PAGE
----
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YOU CAN DO THIS

A CEO’S PERSPECTIVE

By Dan Eckermann

From the Foreword of Demand Driven Performance – Using


Smart Metrics, Dan Eckermann explains how the Demand
Driven methods helped turn around an American
manufacturing icon. As President and CEO of LeTourneau
Technologies, Inc. (LTI) Dan guided the implementation of
these tactics across one of the most complicated and volatile
environments in manufacturing and supply chain.

Learn more at: www.demanddrivenperformance.com


I can easily identify with your state-of-mind if, after reading this book you still ponder whether the
potentials described herein are real. I had these doubts myself at one time. I had previously believed that
these types of methodologies would only work in high volume, low mix operations like those in Detroit,
or perhaps in other well-defined operations with highly repetitive nature. I had nearly convinced myself
that these methodologies could not possibly work at LeTourneau Technologies, Inc where complexity in
operations at our Longview plant was severe (understatement); i.e., highly integrated vertically, from
scrap steel to finished product; 600,000 BOM Records; 165,000 Part Numbers; 60,000 Manufacturing
Orders annually; 290,000 Manufacturing Operations annually; and, 500,000 Drawings. These are WOW
numbers by anyone’s measure for managing logistics. The logistics challenge is rarely this complex for
most companies.

Why is it so hard for manufacturing executives to capture more of “the gold” from their operations?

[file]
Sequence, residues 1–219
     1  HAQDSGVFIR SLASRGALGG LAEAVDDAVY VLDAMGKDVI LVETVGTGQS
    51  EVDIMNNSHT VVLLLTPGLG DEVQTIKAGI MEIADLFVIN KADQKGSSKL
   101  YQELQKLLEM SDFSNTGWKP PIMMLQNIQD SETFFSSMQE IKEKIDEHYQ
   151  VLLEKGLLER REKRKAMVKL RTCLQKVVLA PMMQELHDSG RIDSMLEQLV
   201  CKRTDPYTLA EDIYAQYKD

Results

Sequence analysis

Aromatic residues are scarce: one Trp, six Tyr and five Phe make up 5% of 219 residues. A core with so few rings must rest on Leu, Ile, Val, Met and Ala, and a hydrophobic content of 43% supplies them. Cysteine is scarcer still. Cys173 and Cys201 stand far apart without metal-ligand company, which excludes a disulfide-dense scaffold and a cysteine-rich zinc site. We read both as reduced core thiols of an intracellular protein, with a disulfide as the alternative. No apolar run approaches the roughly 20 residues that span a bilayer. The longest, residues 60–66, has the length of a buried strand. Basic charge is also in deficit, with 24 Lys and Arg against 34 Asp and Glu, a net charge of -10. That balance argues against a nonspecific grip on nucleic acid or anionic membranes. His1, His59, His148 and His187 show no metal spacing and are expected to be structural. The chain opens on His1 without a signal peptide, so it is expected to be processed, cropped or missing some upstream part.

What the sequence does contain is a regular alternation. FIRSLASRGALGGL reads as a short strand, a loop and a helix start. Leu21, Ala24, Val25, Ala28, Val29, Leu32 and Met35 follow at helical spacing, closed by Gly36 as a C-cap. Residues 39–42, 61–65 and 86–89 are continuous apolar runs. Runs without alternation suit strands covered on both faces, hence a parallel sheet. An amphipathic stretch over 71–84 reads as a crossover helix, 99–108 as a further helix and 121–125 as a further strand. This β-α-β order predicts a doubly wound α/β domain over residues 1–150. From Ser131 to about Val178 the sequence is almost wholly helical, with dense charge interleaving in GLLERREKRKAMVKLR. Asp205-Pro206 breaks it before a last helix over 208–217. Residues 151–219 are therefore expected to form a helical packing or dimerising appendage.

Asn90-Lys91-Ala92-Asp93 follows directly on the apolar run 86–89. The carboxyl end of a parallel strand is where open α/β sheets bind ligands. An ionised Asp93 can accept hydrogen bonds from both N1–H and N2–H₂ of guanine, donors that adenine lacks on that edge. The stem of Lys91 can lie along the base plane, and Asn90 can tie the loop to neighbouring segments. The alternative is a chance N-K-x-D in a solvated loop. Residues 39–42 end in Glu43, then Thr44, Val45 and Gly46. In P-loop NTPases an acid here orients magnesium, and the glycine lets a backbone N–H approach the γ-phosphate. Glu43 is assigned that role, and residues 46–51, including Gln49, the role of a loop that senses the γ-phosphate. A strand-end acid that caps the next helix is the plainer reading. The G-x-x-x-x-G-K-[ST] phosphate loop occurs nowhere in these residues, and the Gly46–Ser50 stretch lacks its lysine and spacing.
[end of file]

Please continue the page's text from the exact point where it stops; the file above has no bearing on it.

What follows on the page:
The short answer is that they often do not see “the gold”! Even when they do see it, they may not believe
that it can be captured; and, when they do see it, and believe that it can be captured, they often do not
know how. This is partially explained in that company logistics can be complex, and that our natural
behavior does not always lead us to doing the right thing, the right way in such complex situations. In
fact, our natural behavior can easily make a complex logistical situation worse; as, there are many
examples of this happening in practice. The type of work processes referenced herein for addressing
complex logistical situations are not intuitive, and certainly not simple. If they were simple, everyone
would be doing them, and doing them right! In this book, the authors will present methods that are
proven to work. Once explained, logic will prevail; and, their understanding will become easier.

Here is further explanation for not capturing “the gold” that relates to how and where management
typically focuses. For example, it is completely natural for a manufacturing executive to achieve an
effective selling function, as he or she seems to always understand how important this function is to the
company’s success. Similarly, the same management mind-set normally understands the functional
importance of engineering, production, accounting, HR and IT; and therefore focuses here with
expectations. To the contrary, the management of logistics by the same executives is often expected to
somehow “happen” without deliberate focus.

This management mind-set frequently looks to the functions of purchasing, production control and
similarly titled functions to inherently perform their supply chain management, and often believes that
these functions are producing the best results possible. After all, these functions are likely achieving
results comparable to those of the past; and, with an acceptance of past norms being good-enough, this
management mind-set fails to see that these seemingly hard working employees almost never achieve
the results that may be possible. Bottom line: This mind-set in management does not expect, nor
demands the achievement of real, break-thru improvements in their respective supply chains.

Even when and where the achievement of real, break-thru improvements are expected in a company’s
supply chain management, it is rare to find leadership that is capable of applying well-thought methods